This is part 5 of a 6-part step-by-step series on kanban deployment. This article covers specifics of properly deploying kanban cards for inventory items with Empty-a-Bin (EaB) replenishment triggering.
Empty-a-Bin (EaB) Cards
Empty-a-Bin (EaB) kanban systems are interesting in the way that every single item in stock will get associated with a card during kanban card deployment. Since there are cards that will be associated with a complete Kanban Order Quantity, it might be hard to grasp that items will get assigned to a card even if there are not enough to make a full order. If there are 51 items in stock and the KOQ is 25, that one item gets its own card even though the other two cards each have 25. In fact, a minimum of two cards is needed even if the total on-hand balance is only KOQ + 1.
To distribute these cards, you first need to separate the items that you have on hand into groups that equal the Kanban Order Quantity.
Every full group gets a card, and any partial group will also get a card. Your items may run out before your cards do. You should scan any cards that are left over after giving every item a card. These will trigger more orders, and the scanned cards can be placed on the delivery date on the kanban wall to wait for those items.
You just might end up with the opposite imbalance – having more items on hand than can be distributed to the number of cards in that solution. In this case, the items that are not matched to a card will be managed as excess inventory. Excess inventory must be consumed before any new orders are processed. You’ll have to implement temporary special procedures for dealing with cards as the items are consumed.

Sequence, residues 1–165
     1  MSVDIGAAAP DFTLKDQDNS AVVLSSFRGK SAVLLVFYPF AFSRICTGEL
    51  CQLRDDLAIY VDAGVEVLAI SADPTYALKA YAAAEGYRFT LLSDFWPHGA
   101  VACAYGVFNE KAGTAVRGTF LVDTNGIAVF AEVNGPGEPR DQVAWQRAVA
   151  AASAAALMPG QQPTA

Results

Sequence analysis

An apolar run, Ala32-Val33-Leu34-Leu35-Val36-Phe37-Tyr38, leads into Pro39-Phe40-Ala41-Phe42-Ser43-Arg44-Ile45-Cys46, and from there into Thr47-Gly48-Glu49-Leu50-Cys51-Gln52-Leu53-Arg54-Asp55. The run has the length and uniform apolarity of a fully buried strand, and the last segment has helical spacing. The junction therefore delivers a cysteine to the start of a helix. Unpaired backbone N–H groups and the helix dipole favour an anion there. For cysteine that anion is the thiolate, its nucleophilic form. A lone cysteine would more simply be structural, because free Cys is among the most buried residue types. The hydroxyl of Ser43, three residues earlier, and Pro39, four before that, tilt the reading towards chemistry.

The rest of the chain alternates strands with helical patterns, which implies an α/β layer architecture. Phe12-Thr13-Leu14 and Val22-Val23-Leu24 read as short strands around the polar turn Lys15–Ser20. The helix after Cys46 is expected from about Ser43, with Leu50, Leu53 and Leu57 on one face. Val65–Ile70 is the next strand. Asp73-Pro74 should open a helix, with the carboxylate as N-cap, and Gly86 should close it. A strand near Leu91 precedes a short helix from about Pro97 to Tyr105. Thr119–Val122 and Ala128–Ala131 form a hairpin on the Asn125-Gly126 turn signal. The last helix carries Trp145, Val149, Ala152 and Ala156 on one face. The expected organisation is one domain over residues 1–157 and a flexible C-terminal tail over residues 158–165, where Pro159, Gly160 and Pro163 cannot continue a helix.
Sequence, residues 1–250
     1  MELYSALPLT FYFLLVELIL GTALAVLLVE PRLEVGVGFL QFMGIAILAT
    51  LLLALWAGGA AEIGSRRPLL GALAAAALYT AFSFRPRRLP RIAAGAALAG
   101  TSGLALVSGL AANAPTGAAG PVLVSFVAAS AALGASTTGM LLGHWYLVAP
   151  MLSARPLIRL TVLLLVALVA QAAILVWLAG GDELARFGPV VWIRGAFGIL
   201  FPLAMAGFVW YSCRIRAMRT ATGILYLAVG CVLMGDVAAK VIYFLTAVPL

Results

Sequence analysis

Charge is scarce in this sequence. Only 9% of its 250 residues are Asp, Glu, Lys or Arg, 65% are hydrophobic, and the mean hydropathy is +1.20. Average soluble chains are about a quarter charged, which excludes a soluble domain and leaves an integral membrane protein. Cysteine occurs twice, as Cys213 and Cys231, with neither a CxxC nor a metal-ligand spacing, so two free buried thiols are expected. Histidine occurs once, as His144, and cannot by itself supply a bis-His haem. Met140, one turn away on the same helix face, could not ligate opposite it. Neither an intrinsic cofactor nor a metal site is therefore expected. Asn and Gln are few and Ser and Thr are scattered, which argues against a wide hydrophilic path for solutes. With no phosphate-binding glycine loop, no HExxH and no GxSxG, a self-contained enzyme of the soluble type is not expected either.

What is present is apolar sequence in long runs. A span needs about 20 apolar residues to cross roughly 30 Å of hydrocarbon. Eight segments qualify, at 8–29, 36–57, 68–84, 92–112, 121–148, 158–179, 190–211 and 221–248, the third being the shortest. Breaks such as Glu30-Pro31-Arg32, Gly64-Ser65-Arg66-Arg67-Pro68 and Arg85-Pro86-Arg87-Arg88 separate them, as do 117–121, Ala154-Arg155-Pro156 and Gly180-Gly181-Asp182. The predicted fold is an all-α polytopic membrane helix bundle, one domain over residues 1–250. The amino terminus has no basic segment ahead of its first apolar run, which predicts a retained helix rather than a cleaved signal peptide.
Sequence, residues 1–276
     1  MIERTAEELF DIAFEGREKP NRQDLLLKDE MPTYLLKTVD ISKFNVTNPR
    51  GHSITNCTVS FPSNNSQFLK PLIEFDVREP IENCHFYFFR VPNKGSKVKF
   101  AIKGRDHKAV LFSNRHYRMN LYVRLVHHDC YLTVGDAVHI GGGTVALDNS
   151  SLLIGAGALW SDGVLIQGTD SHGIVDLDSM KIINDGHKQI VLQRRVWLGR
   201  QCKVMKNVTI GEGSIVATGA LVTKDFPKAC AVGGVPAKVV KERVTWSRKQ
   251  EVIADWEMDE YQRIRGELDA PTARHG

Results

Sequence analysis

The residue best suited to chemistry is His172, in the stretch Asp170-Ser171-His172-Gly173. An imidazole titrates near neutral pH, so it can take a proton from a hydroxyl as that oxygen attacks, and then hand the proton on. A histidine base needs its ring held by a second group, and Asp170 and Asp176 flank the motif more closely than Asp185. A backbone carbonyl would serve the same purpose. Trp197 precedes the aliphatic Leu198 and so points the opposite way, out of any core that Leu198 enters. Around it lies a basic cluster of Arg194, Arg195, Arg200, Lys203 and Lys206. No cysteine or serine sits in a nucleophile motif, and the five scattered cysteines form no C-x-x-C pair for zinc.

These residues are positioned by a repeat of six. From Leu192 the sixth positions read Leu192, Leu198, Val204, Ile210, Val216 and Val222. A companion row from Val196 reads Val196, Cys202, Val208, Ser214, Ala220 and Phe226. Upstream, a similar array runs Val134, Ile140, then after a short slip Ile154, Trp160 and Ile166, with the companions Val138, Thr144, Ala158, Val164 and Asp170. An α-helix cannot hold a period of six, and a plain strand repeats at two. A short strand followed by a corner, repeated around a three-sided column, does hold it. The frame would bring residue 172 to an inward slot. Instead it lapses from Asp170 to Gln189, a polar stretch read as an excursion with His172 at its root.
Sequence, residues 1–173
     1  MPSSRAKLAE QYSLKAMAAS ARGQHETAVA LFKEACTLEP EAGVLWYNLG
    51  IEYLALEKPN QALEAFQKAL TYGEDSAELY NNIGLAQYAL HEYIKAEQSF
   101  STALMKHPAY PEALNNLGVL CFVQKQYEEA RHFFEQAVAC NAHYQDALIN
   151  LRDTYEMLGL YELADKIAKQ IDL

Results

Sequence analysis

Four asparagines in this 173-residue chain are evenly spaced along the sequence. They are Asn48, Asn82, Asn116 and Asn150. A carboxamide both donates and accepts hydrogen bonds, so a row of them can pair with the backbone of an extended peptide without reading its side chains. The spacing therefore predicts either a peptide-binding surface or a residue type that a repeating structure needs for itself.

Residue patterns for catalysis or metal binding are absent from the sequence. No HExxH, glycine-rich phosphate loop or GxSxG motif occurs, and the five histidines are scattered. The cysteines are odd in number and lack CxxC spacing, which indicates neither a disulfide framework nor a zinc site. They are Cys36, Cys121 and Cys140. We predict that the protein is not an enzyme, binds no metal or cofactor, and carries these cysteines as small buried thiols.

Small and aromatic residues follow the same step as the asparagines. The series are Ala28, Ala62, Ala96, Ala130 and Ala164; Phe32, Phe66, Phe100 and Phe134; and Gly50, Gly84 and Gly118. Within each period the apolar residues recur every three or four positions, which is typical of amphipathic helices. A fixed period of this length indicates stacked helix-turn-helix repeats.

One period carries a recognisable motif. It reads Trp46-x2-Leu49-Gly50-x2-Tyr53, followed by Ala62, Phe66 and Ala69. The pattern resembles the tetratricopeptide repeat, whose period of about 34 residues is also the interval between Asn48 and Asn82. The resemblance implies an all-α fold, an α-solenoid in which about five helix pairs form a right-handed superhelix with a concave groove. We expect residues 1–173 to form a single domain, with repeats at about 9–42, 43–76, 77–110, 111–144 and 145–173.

This is how to handle excess inventory:
- Place the standard Kanban Quantity bins at the Point of Use along with their assigned cards. As the bins are emptied, the cards are used to replenish the supply. Since you don’t want to initiate new purchase orders or manufacture orders, make sure everyone knows that they should not scan the bar codes on the cards. Either cover it up completely with a sticker or place a very prominent label on the card. The cards will still be used for their intended purpose – to trigger the flow of another bin of items into the work-cell. However, instead of coming from a supplier, the items will come from the excess inventory until it has been fully consumed.
- Designate a separate area for storing the excess inventory. The chosen location should be organized, clearly labeled and relatively easy to get to.You might think the easiest location to get to would be where the other on-hand inventory is kept (at the Point-of-Use). It’s important that you do not try to keep more inventory at the POU than the standard bin or two (or whatever reasonable quantity has been predetermined). Trying to make room for excess inventory at the POU is a waste. Not only will time be spent creating storage for a temporary excess in items, but the time will be wasted again after the excess is gone and the work-cell needs to be reconfigured to maximize efficiency for the correct inventory sizes.
- While working through the process of bleeding down the excess inventory, auditing is essential. You need to keep track of the items closely so that you are ready to use cards to signal supplier orders as soon as they are needed.
When items are in a steady state, the Empty-a-Bin process is pretty simple.
- Cards will be with the active bin, with the bin that will be active next or on the kanban board waiting for an order. Once a card is with a bin, the card stays there until the bin is emptied.
- Scan the card and hang it on the kanban board when the bin is finally empty. At that point, the scanned card goes to the kanban board, and the second card and the new bin move up to become the active bin.
- One card should always be active and on the floor. If both cards are on the kanban board, it means a stock out has occurred.
In the final part of this series we’ll explore the specifics of properly deploying kanban cards for inventory items with Break-a-Bin (BaB) replenishment triggering.